The United States, as an entity, tests these freedoms not by how it treats peaceful Buddhists or Hindus or Mormons, but how its citizens as well as its government treat Muslims at a time when radical jihadist Islam is very much a threat to the United States. There are plenty of Christians and conservatives in the United States who would argue that it’s the defense of universal liberties and equality of freedom under the law that fundamentally define the concept of civilization itself.
So the way that Muslim Americans are treated reverberates throughout the world. That’s the essence of soft foreign policy.
It’s not that the hearts of hardened jihadists are warmed under the notion that the United States, by respecting equality, liberty and freedoms to its fullest ability. But it signals to the rest of the world that, for all its shortcomings, the United States strives to live up to the universal values and standards that it sets for itself. That, ultimately, must win many more hearts and minds in the Muslim world, from Marseille to Bangui and from Damascus to Baghdad, than any number of bombs from unmanned drone aircraft, with all the collateral damage they’ve wrought. (And it’s a lot less costly).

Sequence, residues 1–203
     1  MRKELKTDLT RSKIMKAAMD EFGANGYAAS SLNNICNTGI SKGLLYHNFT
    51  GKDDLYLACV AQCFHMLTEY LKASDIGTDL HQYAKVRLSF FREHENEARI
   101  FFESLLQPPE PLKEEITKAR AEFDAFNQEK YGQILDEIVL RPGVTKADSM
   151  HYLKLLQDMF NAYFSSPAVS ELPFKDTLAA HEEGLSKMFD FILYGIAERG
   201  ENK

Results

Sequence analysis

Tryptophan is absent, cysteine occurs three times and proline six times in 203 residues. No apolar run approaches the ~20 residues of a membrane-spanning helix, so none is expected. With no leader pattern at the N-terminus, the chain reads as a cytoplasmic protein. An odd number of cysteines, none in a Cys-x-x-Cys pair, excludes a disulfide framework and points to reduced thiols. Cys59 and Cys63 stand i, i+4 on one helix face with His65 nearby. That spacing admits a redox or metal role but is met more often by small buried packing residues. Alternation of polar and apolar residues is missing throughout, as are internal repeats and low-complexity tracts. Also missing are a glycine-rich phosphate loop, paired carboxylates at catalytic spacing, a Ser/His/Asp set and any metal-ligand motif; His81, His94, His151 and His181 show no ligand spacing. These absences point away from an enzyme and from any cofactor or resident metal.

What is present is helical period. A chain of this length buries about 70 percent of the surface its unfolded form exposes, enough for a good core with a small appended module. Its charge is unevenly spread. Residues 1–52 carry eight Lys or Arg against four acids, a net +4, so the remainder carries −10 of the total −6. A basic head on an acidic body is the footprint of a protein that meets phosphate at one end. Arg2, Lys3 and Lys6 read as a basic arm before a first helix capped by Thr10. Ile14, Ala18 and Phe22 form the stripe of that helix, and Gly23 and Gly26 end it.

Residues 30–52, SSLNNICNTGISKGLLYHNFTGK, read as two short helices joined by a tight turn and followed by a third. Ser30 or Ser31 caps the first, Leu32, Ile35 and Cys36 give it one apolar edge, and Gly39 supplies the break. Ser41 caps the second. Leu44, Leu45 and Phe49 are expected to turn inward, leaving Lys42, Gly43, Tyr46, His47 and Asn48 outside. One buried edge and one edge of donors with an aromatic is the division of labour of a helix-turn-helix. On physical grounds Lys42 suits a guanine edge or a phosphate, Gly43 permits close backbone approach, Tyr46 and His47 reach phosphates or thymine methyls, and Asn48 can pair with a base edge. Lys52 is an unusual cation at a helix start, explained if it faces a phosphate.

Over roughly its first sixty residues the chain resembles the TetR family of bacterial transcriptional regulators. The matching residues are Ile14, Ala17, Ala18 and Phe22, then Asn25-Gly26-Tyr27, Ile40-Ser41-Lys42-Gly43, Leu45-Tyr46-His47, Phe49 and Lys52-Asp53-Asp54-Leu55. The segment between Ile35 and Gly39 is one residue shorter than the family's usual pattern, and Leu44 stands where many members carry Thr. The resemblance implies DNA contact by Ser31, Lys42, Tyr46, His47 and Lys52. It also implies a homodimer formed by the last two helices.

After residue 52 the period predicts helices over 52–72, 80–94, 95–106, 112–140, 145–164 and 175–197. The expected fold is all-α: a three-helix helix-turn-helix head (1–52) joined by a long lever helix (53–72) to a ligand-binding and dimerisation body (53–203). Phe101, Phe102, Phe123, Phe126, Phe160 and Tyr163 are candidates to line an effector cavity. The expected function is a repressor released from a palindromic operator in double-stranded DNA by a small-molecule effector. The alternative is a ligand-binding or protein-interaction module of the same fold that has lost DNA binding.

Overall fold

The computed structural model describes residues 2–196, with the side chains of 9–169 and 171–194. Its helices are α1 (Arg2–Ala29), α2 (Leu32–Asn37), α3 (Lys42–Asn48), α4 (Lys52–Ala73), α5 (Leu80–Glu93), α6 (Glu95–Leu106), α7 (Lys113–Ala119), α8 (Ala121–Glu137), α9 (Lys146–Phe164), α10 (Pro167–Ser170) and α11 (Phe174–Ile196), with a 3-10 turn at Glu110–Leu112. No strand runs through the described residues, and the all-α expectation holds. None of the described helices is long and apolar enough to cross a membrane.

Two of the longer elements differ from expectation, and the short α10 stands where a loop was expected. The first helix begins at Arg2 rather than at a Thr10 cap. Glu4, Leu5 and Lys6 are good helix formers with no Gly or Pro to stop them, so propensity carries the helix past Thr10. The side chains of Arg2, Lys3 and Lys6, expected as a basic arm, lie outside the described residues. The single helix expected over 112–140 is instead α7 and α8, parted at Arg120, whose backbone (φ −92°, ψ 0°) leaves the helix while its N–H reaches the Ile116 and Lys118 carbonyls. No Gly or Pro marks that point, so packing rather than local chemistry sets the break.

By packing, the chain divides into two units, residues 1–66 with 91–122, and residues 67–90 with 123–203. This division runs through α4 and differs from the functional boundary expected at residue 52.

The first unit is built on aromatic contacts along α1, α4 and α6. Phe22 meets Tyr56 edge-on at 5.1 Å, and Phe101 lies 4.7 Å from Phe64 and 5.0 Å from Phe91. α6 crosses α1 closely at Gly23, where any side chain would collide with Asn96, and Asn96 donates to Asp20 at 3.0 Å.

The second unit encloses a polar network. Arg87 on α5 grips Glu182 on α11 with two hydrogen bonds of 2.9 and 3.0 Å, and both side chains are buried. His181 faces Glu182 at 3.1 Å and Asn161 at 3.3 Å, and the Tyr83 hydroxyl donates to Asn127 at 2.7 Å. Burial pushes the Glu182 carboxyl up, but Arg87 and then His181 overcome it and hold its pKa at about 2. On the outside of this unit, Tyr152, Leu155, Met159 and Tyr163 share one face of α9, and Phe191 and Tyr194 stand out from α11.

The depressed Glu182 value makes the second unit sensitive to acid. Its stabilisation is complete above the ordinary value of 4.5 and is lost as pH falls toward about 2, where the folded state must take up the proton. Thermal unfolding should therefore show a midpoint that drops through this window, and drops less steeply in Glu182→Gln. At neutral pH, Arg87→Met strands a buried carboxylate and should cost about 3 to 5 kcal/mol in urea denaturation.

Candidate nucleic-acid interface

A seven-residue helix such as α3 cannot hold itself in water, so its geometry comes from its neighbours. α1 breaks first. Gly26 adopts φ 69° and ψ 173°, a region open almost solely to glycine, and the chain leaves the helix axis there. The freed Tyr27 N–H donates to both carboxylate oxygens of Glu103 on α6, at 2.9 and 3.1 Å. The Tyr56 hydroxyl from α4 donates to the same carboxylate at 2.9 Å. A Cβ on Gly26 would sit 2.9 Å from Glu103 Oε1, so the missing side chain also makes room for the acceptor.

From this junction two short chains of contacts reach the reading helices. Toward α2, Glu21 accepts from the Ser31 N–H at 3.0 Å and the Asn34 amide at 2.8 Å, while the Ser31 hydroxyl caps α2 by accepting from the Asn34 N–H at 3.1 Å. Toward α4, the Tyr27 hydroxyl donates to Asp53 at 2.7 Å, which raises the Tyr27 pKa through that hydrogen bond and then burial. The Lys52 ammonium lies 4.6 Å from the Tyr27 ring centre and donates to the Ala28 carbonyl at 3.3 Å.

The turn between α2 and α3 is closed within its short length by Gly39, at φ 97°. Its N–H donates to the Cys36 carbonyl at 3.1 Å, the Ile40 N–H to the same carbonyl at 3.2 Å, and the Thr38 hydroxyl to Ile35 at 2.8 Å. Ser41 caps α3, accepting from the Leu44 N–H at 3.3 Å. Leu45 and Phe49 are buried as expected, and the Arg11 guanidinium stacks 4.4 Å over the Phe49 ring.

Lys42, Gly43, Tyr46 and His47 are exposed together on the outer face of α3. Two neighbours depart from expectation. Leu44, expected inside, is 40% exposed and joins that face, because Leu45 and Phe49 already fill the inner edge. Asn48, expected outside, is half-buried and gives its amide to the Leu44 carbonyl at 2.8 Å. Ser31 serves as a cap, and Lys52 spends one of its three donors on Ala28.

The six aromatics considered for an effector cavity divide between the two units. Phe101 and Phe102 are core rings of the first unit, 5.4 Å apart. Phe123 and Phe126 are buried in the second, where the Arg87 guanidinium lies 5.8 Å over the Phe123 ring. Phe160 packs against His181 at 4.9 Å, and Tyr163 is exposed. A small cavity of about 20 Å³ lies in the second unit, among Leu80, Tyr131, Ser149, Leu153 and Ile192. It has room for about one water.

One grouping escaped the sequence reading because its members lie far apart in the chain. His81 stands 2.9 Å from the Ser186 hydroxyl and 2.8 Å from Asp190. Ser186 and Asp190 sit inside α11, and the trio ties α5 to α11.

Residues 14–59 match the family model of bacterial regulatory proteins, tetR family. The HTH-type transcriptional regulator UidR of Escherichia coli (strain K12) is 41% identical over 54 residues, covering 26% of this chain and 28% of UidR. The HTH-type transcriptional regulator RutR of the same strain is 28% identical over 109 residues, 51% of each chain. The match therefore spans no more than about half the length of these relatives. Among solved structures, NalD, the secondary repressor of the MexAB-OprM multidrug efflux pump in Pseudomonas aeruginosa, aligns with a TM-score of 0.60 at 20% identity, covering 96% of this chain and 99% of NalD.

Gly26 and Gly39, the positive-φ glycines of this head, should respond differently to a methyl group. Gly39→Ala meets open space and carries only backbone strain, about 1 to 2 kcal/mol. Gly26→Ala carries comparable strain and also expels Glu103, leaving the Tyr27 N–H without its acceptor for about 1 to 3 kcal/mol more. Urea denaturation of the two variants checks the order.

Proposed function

The power of ‘soft foreign policy’ can work both ways — it can catalyze near-existential crises for countries (Denmark) and it can hasten the worst terrorist attack in decades (France). The gains of the United States throughout the 20th century had as much to do with soft foreign policy as hard foreign policy. What won two world wars and the Cold War involved a smart, nimble military force and a strong economy characterized by innovation and a wealth of natural resources. Hard power.
But it also had to do with baseball, jazz music, the blues, Hollywood and American cinema and the inchoate notion of US constitutionalism and the rule of law. The role that the United States played in establishing the norms of international law and the institutions that help resolve so many of the world’s problems today, from the United Nations to the World Bank. Soft power.
When you go to Nicaragua today, you won’t see a lot of USAID projects or US-built infrastructure or US military installations. You will see large, air-conditioned malls showing the latest films from Hollywood. You can ride in Ford Explorers blasting the lasted Madonna single. You can watch children play a game of baseball in the shadows of Sandinista tent cities.
That’s the magic of soft power — and soft foreign policy.
As the United States enters the 14th year of its ‘war on terror,’ with US military forces on the ground in Afghanistan and Iraq today, no matter that both ‘wars’ technically ended long ago, and with frequent US engagement from Pakistan to Yemen, it’s not just policymakers but all American citizens who should be thinking harder about the kind of role that US soft foreign policy will play in the 21st century.